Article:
The green bond movement has been going strong for over a decade. Since the green bond market first opened in 2007, more than USD$1 trillion worth of green bonds have been issued globally as investors have started to see a sustainable future as a profitable one. You’d think a global pandemic – that has led to the loss of 400 million full-time jobs and the worst stock market crash since 1987 – would halt it in its tracks. However, green bonds have defied the odds. Since the beginning of 2020, a total of 366 green bonds issuances have been launched globally, with a total of $168.2 billion raised by companies, financial institutions and governments, according to a new analysis by global law firm Linklaters. With the door open for the next green bonds hub to emerge, Hong Kong might be the first one through.
Admittedly, its growth rate is expected to slow – particularly in the APAC region where China’s green bond issuing market experienced a 63% dip from 2019 to 2020 – due to investors’ shift towards social bonds that sustain projects addressing COVID-19 (i.e. investment in public healthcare). However, this doesn’t change the fact that green bonds – capturing debt capital in the market to finance sustainable projects – are highly capable of transforming the global economy by driving long-term growth and enabling long-term environmental sustainability.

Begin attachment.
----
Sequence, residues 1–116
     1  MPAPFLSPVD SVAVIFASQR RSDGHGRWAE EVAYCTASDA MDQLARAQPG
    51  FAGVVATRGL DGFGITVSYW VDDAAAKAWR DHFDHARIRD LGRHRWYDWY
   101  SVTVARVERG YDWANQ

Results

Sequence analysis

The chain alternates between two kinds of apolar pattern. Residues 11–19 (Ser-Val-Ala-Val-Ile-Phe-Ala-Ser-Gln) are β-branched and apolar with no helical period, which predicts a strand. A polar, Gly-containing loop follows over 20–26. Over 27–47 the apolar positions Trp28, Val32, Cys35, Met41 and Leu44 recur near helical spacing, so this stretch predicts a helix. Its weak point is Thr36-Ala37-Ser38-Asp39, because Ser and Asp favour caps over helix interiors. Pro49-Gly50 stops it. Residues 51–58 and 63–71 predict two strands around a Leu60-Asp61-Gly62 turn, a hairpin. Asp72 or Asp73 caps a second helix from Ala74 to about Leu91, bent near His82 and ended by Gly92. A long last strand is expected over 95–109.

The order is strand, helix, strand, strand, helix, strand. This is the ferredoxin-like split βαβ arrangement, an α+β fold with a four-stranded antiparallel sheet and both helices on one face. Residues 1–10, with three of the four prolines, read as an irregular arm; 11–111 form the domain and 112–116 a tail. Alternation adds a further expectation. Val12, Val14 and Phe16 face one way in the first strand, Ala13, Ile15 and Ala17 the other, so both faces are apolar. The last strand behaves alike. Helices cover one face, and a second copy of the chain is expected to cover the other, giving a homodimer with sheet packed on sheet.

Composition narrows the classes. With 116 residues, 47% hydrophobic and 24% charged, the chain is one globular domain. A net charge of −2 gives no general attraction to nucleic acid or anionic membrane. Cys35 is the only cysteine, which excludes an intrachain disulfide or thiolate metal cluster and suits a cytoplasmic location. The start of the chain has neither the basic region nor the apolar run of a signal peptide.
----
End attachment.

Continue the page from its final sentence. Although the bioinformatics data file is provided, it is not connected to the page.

Oversubscription – where demand has exceeded the number of green bonds available – has become the norm for green bond issuances, due to its expected market growth as sustained investment in climate projects (estimated to reach $90 trillion by 2030) increases as part of nations’ efforts to achieve carbon reduction targets set in the Paris Agreement. In other words, with climate change firmly on the global agenda, the use of green bonds will continue to be an active instrument for governments and private sectors to consistently invest in eco-friendly projects ranging from energy efficiency and pollution prevention to clean transportation and implementation of new green technologies.
However, to further advance the green agenda, the green bonds market necessitates a hub that can facilitate its global transactions across a diverse set of investor markets.
Figure 1. Primary market for green bonds and geographical diversification worldwide
The above indicates trends in the primary green bond market up to 2019, as well as geographical diversification worldwide, where (a) shows both new issues and market size ($billion), while (b) shows the geographical distribution of green bond issuers world (currency in USD). There is a notable increase both in terms of the expansion of the green bond market as well as the diversification across various regions spanning Europe, North America and Asia. With a rapidly expanding investor base, it becomes important to establish a platform capable of accommodating investors’ diverse set of needs and requirements.
What better place to create a green international finance centre than Hong Kong, an already-international financial one?
Hong Kong at night.